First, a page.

I didn’t want to read I Want to Show You More. It’s hard to write a good short story — it’s even harder to write a book full of them — and most writers can’t do it. A lot of the modern short story collections I’ve read include one or two good stories, plus a bunch of boring ones included just because the publisher needed to fill up the book.
I only read it because Margaret, a customer at Church Street, asked me to. I like customers, and I like flattery (it’s very flattering to know that someone trusts your opinion of a book), so I thought I’d read one or two stories and pronounce judgment.
I ended up reading the whole thing in one night. I Want to Show You More is what short story collections should be: It’s haunting, beautifully written, and the stories tie together thematically but not obviously.
Author Jamie Quatro’s stories have similar protagonists, for the most part, and she’s made the role of the Southern woman, usually such a caricature, relatable and worthy of empathy. Each story has a very specific sense of place (most take place in Georgia and Tennessee), and the South comes across like it does to most of us who live here — as home, as culture, but not as the collection of weird accents and odd quirks that we see in books and movies.
Quatro’s metaphors remind us what metaphors are for. Sometimes (like in Decomposition) they’re obvious, and sometimes (as in Ladies and Gentlemen of the Pavement) they’re weird and obscure, but they’re always powerful. Her themes work in a nearly magical way to draw us into the story.
For example, she writes a lot about infidelity. That’s not something I have a lot of personal experience with, but that doesn’t matter. The stories still got to my heart and made me empathize and suffer and cry. They are about infidelity, but they’re also about still being in love when everything that was good about your relationship is damaged beyond repair. They’re about going forward with your life as if nothing bad happened when your heart is broken and you feel like you’re being ripped apart from the inside. They’re about lying to the people you love about what you feel and who you are, in hopes that you can be the better person you’re saying you are. I’ve never cheated on my husband (or had a husband), but these are things I understand. They’re things that I think all people can understand.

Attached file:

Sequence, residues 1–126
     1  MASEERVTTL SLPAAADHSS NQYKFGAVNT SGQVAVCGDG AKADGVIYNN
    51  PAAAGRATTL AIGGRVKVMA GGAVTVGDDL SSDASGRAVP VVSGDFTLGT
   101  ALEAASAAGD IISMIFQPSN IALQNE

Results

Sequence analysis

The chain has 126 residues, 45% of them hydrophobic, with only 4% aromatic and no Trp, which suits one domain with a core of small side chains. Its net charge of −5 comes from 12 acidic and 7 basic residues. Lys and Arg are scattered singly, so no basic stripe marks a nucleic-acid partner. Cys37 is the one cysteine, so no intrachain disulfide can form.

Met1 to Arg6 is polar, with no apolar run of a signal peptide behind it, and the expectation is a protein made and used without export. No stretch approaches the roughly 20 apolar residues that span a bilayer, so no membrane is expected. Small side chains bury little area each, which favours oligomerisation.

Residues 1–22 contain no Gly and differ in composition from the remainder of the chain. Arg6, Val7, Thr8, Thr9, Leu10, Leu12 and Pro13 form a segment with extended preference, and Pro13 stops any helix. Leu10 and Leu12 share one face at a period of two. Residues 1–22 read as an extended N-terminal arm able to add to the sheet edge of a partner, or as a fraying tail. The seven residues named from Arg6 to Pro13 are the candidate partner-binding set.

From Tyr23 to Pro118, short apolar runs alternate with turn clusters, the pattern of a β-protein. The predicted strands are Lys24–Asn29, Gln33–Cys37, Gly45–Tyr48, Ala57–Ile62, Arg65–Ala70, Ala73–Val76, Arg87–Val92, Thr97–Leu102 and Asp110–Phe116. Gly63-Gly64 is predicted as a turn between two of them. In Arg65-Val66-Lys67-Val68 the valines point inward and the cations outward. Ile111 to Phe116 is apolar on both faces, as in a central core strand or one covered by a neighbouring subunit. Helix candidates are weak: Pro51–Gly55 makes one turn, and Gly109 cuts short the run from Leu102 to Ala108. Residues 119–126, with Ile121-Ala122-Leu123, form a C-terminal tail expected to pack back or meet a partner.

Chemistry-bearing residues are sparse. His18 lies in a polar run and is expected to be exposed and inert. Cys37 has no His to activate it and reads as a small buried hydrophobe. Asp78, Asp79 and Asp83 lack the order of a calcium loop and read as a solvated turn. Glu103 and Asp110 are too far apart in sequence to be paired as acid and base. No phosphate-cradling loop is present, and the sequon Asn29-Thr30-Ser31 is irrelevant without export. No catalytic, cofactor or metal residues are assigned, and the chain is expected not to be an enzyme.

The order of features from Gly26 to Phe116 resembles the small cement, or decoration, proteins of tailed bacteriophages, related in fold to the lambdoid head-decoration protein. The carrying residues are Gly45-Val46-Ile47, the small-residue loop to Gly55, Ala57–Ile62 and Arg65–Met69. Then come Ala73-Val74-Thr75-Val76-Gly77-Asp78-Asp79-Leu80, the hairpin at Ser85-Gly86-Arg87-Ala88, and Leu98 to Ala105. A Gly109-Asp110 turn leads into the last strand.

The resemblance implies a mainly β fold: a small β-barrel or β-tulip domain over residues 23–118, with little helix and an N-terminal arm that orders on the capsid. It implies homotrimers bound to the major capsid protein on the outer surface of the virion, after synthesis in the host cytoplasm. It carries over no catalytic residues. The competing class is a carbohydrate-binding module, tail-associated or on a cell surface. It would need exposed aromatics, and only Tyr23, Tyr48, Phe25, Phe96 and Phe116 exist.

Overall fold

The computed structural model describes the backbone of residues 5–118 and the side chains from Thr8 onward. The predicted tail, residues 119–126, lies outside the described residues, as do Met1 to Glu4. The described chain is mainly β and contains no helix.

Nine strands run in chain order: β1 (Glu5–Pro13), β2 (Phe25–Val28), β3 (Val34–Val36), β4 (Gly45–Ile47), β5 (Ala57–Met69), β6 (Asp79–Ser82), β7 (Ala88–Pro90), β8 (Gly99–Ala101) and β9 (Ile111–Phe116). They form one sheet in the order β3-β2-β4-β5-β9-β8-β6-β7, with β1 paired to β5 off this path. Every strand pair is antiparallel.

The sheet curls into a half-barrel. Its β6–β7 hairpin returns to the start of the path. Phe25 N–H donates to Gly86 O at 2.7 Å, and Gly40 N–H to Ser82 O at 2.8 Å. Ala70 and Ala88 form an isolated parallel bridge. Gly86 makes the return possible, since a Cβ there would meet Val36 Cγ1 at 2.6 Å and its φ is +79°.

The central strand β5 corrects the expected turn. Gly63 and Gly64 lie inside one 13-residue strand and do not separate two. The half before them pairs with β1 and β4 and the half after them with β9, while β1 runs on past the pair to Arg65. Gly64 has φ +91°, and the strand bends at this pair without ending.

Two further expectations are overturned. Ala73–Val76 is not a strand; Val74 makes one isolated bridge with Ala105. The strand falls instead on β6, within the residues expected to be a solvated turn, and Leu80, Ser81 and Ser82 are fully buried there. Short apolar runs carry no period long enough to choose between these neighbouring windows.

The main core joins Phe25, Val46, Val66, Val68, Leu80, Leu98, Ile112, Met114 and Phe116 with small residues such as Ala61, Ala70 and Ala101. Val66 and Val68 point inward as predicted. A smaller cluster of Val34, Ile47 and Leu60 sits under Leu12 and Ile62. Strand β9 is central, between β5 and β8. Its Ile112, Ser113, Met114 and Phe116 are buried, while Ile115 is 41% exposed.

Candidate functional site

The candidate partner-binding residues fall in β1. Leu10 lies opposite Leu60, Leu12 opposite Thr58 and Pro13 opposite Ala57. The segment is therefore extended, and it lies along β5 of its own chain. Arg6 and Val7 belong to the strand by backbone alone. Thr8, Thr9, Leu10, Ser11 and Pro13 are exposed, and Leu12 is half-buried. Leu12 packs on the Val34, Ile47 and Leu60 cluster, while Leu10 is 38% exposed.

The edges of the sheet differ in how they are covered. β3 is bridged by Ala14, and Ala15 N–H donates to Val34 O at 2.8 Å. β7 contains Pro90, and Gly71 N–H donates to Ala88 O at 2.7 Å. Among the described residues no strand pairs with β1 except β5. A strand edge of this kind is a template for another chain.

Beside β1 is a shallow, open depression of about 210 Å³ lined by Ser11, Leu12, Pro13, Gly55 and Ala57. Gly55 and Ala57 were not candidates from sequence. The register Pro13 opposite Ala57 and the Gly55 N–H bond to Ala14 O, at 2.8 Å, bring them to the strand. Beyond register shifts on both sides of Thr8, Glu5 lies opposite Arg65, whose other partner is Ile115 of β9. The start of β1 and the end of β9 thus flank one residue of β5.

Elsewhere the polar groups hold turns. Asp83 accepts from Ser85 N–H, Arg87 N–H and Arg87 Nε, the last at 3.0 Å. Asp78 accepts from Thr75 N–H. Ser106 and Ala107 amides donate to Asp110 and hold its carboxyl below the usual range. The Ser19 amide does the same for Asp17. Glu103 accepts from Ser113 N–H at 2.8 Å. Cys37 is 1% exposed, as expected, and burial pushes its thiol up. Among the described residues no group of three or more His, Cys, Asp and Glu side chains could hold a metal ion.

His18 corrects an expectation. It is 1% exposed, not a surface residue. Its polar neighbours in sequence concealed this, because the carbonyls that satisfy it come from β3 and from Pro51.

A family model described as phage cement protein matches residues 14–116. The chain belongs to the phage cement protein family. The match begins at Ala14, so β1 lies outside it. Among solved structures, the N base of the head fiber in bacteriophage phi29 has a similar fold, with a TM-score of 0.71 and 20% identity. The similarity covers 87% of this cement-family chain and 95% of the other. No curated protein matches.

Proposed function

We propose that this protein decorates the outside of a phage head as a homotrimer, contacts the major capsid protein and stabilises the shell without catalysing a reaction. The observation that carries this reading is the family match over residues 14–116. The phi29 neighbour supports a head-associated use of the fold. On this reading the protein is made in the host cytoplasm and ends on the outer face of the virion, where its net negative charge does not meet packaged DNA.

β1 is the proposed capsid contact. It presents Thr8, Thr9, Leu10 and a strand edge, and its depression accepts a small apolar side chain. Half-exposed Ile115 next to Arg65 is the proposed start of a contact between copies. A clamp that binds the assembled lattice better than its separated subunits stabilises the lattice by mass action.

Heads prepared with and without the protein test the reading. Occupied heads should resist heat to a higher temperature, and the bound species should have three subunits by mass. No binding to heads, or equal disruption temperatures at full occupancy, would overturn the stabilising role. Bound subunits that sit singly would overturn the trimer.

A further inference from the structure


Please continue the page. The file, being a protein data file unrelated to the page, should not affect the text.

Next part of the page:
Religion, in particular evangelical Christianity, is woven throughout the book in a real way that’s rare in fiction. Christianity is a part of life, but her characters aren’t dogmatic about it. They reference scripture and church sometimes, but not all of the time. They go to church, but they don’t preach to us about it. They know they’re flawed, and they also believe they have a claim to grace.
Be prepared. This book is weird (I’m still not sure why a tribe of people run races with statues of penises on their backs in Ladies and Gentlemen of the Pavement). But it’s also beautiful, and it elevates our culture out of the muck of commercialism, exposing that sometimes we feel deeply about even those shallow parts of life. And it does what fiction is supposed to do, which is connect us with the life stories of other people, and also to connect us with ourselves, to help us understand what we think and feel and how we relate to the world.